The drowning death of Phoebe Jonchuck, who allegedly was thrown into Tampa Bay by her mentally ill father, caused Florida’s child advocates and attorneys who fight for abused children, as well as the Florida Department of Children and Families itself, to explore what went wrong. Now, legislators want answers, too.
Following her death on January 7, Florida DCF dispatched its Critical Incident Rapid Response Team (CIRRT) to investigate the incident. The report revealed that calls to the state’s child abuse hotline went ignored. Red flags across the board, including warnings reportedly from father John Jonchuck’s attorney and others who warned of his mental state, went unnoticed. Even a history of family incidents known to DCF officials didn’t set off alarms or trigger intervention by child protective services.
“The Jonchuck family struggled with (John Jonchuck’s) mental health issues … self-injurious behaviors and delinquency during his teen years, until he went to live with family friends at age 17 in 2006,” the CIRRT report said. “During his childhood, the family was reported to the department on four separate occasions, with all investigations resulting in no verified findings of maltreatments.”
Now, Florida Senate President Andy Gardiner has called for greater attention on mental-health issues in an effort to improve how Florida handles the convergence of child welfare and mental health. He wants to go beyond obvious signs – the calls, the flags, the warnings – and focus on the entire arc of the family and the system.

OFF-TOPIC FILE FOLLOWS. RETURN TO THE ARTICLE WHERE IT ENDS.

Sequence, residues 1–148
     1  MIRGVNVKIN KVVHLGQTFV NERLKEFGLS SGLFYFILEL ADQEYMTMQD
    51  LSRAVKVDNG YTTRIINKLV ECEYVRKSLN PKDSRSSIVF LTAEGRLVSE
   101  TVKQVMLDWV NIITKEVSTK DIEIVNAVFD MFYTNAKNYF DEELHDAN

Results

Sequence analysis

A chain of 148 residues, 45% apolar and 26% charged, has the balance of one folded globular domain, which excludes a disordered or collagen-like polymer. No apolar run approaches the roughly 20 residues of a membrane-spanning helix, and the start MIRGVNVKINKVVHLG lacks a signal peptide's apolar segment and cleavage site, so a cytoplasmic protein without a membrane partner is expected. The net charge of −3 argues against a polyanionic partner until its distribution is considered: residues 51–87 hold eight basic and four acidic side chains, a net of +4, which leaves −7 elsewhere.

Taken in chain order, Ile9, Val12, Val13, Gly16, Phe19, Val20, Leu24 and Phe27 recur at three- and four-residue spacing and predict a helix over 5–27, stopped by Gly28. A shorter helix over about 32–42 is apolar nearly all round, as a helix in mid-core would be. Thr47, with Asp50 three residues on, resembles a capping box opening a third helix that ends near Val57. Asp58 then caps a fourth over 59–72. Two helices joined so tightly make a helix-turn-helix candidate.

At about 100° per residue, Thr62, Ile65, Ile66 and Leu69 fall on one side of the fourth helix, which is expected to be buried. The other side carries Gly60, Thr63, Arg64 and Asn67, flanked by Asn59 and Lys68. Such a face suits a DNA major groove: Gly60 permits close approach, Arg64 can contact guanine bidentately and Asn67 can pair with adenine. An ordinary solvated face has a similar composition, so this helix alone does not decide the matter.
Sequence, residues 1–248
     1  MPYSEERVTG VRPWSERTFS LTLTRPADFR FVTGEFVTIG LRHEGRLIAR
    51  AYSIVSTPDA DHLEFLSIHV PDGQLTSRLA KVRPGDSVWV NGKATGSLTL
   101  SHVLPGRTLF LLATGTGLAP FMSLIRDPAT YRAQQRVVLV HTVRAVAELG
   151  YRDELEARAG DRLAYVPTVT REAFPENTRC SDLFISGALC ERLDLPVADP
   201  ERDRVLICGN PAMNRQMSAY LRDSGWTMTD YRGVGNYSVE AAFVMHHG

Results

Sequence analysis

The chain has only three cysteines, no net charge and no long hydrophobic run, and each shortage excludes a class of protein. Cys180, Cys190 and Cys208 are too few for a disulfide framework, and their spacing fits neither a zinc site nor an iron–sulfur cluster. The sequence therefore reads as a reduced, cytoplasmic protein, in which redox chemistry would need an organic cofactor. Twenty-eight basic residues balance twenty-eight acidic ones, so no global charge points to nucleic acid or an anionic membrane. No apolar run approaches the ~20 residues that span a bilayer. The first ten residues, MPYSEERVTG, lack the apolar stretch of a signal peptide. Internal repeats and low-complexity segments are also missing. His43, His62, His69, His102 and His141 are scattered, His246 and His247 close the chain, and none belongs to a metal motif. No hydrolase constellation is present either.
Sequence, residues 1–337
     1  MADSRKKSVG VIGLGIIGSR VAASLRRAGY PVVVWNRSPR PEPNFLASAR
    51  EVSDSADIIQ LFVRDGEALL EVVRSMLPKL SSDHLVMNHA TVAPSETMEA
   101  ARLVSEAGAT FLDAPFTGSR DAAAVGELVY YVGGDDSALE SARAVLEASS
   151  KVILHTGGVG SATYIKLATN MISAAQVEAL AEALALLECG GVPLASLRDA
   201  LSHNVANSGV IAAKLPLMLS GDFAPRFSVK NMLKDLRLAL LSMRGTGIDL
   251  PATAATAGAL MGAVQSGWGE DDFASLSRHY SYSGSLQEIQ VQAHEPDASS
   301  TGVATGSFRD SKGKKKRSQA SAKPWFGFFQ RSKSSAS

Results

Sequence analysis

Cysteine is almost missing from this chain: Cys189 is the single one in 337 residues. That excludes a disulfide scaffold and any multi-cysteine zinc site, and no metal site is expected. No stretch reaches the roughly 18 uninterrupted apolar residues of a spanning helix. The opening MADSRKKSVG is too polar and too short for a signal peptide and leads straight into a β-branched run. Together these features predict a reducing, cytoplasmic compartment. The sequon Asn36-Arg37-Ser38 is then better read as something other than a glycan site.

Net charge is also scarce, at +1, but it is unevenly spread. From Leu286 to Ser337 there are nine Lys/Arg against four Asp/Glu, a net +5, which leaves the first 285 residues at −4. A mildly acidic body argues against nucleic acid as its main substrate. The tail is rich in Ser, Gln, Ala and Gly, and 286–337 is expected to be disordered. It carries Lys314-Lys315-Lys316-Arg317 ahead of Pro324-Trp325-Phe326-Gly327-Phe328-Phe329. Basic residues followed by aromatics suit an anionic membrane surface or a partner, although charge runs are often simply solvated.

Sen. Rene Garcia, chairman of the Senate Health and Human Services Appropriations Subcommittee, is set to explore the situation. “[T]his is the time for us to delve into mental health and substance abuse,” Rep. Gayle Harrell, chairwoman of the House Children, Families and Seniors Subcommittee, told the Tampa Bay Times.
The House has committed to review child welfare and criminal justice. The House Judiciary Committee held a workshop Wednesday on issues mental illness and the criminal-justice system.
The 2015 legislative session begins March 3. Among a host of pressing issues to be addressed will be how DCF and other organizations protect children known to be at risk. Last year, legislators enacted sweeping reforms to help bolster the child protective system to better prevent child abuse and other harms. After another lesson, this time delivered by a 5-year-old child, it’s time to revisit lapses again.
As Sen. Garcia admitted, “We can’t continue to do business as usual.”